The Joy of Doing it Yourself
When we compare the options of doing tasks ourselves and paying to have them done, we often overlook the intangible benefits of doing the work ourselves, such as the joy it creates.
Comparisons often begin in strict financial terms. You may look at the cost of changing the oil in your car and conclude that you can spend much less money by doing the work yourself. At the next level of comparison, you may consider the value of your time and conclude that doing it yourself is actually more expensive. Taking it even further, you should evaluate the joy you get from changing your own oil. If that’s an activity that makes you proud and that you enjoy, then the time you spend doing it doesn’t really cost as much as you calculated your time to be worth.
The value of your time is really what it costs to do activities that you don’t enjoy. Assuming you calculate your time to be worth $50/hour, you wouldn’t conclude that going to your child’s soccer game “costs” you that amount if you like watching the game. The investment of your time is worth it. Doing your taxes, however, may warrant the calculated cost. It all depends on the joy you get from the activity.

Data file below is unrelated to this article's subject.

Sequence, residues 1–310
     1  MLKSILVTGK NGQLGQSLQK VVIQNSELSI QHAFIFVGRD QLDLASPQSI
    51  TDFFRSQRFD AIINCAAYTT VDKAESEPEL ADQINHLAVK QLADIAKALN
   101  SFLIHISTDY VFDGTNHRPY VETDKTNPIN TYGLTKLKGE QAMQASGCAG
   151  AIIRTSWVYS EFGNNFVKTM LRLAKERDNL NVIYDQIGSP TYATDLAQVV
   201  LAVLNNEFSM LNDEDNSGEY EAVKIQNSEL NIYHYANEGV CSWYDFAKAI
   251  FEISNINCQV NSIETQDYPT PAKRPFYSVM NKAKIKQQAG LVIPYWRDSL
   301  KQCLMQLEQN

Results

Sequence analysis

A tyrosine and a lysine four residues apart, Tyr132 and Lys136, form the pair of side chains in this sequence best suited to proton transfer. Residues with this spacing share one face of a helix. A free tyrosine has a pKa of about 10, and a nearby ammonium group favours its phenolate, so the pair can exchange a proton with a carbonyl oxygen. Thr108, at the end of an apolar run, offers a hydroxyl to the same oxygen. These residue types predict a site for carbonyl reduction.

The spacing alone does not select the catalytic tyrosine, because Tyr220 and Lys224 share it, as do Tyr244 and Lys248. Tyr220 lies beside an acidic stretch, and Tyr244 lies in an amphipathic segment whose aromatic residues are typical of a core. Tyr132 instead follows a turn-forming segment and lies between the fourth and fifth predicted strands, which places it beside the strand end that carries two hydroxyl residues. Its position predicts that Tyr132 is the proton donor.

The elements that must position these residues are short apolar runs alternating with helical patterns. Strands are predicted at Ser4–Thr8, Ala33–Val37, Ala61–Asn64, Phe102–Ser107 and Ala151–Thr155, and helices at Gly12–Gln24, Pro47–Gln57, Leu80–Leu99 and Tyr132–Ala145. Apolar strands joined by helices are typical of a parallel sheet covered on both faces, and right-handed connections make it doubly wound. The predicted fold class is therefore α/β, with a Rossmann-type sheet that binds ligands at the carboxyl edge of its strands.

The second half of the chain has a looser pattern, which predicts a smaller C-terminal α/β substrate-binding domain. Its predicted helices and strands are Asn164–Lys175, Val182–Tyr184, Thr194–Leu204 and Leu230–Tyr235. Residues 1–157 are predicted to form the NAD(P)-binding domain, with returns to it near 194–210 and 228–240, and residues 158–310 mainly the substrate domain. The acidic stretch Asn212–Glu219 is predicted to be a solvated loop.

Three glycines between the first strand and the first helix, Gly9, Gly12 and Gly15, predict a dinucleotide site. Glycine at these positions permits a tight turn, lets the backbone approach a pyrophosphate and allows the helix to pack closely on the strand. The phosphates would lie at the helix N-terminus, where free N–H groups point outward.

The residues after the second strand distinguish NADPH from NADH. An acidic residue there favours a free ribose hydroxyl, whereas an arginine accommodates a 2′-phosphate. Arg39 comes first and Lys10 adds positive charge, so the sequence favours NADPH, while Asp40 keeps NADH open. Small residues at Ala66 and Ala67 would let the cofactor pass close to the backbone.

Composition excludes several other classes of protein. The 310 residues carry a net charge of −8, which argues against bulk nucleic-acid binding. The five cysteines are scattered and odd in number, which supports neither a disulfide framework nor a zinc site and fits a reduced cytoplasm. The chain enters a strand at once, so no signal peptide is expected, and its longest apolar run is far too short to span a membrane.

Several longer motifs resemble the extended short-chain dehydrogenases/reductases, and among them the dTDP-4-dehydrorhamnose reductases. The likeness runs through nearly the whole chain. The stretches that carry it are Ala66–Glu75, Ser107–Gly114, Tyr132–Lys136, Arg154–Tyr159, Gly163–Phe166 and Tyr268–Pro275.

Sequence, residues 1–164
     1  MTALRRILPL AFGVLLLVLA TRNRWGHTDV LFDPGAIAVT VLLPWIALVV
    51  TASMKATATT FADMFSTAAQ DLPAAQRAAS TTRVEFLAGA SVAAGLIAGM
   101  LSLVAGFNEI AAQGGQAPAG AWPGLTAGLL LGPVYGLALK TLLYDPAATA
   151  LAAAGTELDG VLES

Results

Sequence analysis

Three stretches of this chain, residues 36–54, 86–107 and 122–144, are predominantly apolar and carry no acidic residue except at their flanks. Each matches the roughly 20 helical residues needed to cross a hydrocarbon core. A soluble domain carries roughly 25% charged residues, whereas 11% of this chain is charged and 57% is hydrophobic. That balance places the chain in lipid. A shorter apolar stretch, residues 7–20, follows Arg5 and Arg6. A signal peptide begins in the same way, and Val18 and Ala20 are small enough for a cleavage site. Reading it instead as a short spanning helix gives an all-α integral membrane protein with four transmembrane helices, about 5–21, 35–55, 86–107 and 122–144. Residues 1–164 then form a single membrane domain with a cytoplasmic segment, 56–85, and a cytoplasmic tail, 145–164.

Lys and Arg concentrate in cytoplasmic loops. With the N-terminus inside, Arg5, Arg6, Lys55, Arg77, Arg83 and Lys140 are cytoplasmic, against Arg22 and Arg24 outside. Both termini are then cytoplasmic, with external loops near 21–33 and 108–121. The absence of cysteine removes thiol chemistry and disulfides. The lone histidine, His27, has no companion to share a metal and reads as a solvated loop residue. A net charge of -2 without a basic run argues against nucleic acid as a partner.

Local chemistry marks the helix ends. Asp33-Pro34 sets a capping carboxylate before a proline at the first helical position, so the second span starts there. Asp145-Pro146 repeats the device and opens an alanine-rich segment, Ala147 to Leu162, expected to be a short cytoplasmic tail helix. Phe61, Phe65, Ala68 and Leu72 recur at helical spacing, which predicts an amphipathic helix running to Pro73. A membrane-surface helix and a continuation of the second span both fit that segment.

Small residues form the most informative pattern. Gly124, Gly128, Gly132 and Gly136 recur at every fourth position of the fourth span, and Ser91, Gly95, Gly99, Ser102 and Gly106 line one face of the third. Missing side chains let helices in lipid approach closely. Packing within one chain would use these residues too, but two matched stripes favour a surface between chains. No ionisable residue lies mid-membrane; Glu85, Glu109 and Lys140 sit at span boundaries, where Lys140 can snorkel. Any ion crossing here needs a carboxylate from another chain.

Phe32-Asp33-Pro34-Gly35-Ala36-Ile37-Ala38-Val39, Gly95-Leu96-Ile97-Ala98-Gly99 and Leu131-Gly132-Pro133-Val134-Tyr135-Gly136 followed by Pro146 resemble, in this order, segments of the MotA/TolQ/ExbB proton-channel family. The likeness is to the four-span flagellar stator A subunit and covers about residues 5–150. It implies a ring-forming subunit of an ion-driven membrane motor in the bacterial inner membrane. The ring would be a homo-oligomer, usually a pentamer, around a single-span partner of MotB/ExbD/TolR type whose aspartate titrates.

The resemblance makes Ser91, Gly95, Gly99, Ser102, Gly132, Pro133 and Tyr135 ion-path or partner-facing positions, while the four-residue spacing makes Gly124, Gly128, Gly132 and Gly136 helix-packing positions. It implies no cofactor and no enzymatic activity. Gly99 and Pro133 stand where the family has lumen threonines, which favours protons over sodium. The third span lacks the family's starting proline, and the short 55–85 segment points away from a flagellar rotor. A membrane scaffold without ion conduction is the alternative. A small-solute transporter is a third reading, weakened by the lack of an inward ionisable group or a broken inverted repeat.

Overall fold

If work were pleasant, you wouldn’t have to be paid nearly as much as you are to get the job done. The opposite also holds true. You would gladly do activities that you enjoy for little or no money. When comparing the cost of doing those tasks yourself versus paying someone else to do them, your joy will likely skew the comparison in favor of doing the work yourself.
Wednesday, May 28th, 2008 at 9:35 am